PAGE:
# dist.Skew.Laplace: Skew-Laplace Distribution: Univariate In LaplacesDemon: Complete Environment for Bayesian Inference

## Description

These functions provide the density, distribution function, quantile function, and random generation for the univariate, skew-Laplace distribution with location parameter mu, and two mixture parameters: alpha and beta.

## Usage

 ```1 2 3 4``` ```dslaplace(x, mu, alpha, beta, log=FALSE) pslaplace(q, mu, alpha, beta) qslaplace(p, mu, alpha, beta) rslaplace(n, mu, alpha, beta) ```

## Arguments

 `x, q` These are each a vector of quantiles. `p` This is a vector of probabilities. `n` This is the number of observations, which must be a positive integer that has length 1. `mu` This is the location parameter mu. `alpha` This is a mixture parameter alpha, which must be positive. `beta` This is a mixture parameter beta, which must be positive. `log` Logical. If `log=TRUE`, then the logarithm of the density is returned.

## Details

• Application: Continuous Univariate

• Density 1: p(theta) = (1/(alpha+beta)) exp((theta-mu)/alpha), theta <= mu

• Density 2: p(theta) = (1/(alpha+beta)) exp((mu-theta)/beta), theta > mu

• Inventor: Fieller, et al. (1992)

• Notation 1: theta ~ SL(mu, alpha, beta)

• Notation 2: p(theta) = SL(theta | mu, alpha, beta)

• Parameter 1: location parameter mu

• Parameter 2: mixture parameter alpha > 0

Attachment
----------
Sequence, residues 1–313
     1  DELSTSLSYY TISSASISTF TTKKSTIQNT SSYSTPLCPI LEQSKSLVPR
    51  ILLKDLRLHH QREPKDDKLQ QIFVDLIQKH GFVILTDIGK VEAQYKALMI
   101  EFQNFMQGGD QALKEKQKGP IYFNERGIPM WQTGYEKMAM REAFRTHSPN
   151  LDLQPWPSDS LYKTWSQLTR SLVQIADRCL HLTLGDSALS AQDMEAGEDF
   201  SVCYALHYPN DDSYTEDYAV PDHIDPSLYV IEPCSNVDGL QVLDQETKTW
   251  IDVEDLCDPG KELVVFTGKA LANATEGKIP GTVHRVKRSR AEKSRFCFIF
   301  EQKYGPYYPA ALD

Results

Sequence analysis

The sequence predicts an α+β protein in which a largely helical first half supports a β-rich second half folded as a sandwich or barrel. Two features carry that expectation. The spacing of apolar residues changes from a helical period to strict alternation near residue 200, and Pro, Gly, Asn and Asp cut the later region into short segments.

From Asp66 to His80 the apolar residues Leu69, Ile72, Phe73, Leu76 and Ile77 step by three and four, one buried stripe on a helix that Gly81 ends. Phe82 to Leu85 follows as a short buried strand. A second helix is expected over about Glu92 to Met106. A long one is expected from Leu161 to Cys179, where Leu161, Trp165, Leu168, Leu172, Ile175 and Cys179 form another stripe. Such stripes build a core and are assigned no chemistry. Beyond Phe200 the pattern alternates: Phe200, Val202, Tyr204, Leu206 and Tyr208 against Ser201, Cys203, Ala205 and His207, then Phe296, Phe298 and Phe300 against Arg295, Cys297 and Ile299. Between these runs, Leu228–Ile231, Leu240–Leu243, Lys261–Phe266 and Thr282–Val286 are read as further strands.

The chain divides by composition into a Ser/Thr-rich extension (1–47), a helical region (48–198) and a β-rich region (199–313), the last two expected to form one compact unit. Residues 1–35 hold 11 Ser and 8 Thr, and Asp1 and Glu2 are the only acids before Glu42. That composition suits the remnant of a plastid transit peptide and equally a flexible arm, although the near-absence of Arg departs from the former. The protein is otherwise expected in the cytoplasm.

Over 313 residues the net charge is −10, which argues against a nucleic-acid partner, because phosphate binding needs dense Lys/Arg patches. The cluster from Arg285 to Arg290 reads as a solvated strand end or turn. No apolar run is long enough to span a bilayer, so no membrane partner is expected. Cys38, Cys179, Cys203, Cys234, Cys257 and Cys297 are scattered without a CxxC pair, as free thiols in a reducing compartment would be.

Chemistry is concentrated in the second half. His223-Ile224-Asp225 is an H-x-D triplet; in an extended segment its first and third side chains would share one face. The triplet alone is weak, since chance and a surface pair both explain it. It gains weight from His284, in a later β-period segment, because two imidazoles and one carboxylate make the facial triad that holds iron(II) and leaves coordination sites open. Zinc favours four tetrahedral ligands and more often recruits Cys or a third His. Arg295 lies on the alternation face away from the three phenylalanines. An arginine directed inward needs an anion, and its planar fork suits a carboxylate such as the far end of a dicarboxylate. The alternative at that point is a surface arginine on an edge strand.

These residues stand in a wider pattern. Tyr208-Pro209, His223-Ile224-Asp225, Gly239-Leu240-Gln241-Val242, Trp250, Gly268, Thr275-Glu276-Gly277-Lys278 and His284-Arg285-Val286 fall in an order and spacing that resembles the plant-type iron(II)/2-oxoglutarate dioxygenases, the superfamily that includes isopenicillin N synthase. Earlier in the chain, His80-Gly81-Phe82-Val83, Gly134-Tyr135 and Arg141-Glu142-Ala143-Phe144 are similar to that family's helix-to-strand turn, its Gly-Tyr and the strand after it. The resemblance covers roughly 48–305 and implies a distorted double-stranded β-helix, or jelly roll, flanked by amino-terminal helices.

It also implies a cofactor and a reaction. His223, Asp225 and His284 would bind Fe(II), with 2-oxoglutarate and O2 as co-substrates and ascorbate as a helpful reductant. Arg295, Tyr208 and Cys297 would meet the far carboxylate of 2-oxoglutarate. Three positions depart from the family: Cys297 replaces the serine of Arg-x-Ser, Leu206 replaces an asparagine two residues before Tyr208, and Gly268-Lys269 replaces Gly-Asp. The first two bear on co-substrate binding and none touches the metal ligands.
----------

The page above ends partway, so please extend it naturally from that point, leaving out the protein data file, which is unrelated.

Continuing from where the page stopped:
• Parameter 3: mixture parameter beta > 0

• Mean: E(theta) = mu + beta - alpha

• Variance: var(theta) = alpha^2 + beta^2

• Mode: mode(theta) = mu

This is the three-parameter general skew-Laplace distribution, which is an extension of the two-parameter central skew-Laplace distribution. The general form allows the mode to be shifted along the real line with parameter mu. In contrast, the central skew-Laplace has mode zero, and may be reproduced here by setting mu=0.

The general skew-Laplace distribution is a mixture of a negative exponential distribution with mean beta, and the negative of an exponential distribution with mean alpha. The weights of the positive and negative components are proportional to their means. The distribution is symmetric when alpha=beta, in which case the mean is mu.

These functions are similar to those in the `HyperbolicDist` package.

## Value

`dslaplace` gives the density, `pslaplace` gives the distribution function, `qslaplace` gives the quantile function, and `rslaplace` generates random deviates.

## References

Fieller, N.J., Flenley, E.C., and Olbricht, W. (1992). "Statistics of Particle Size Data". Applied Statistics, 41, p. 127–146.

`dalaplace`, `dexp`, `dlaplace`, `dlaplacep`, and `dsdlaplace`.
 ``` 1 2 3 4 5 6 7 8 9 10 11 12 13 14 15 16``` ```library(LaplacesDemon) x <- dslaplace(1,0,1,1) x <- pslaplace(1,0,1,1) x <- qslaplace(0.5,0,1,1) x <- rslaplace(100,0,1,1) #Plot Probability Functions x <- seq(from=0.1, to=3, by=0.01) plot(x, dslaplace(x,0,1,1), ylim=c(0,1), type="l", main="Probability Function", ylab="density", col="red") lines(x, dslaplace(x,0,0.5,2), type="l", col="green") lines(x, dslaplace(x,0,2,0.5), type="l", col="blue") legend(1.5, 0.9, expression(paste(mu==0, ", ", alpha==1, ", ", beta==1), paste(mu==0, ", ", alpha==0.5, ", ", beta==2), paste(mu==0, ", ", alpha==2, ", ", beta==0.5)), lty=c(1,1,1), col=c("red","green","blue")) ```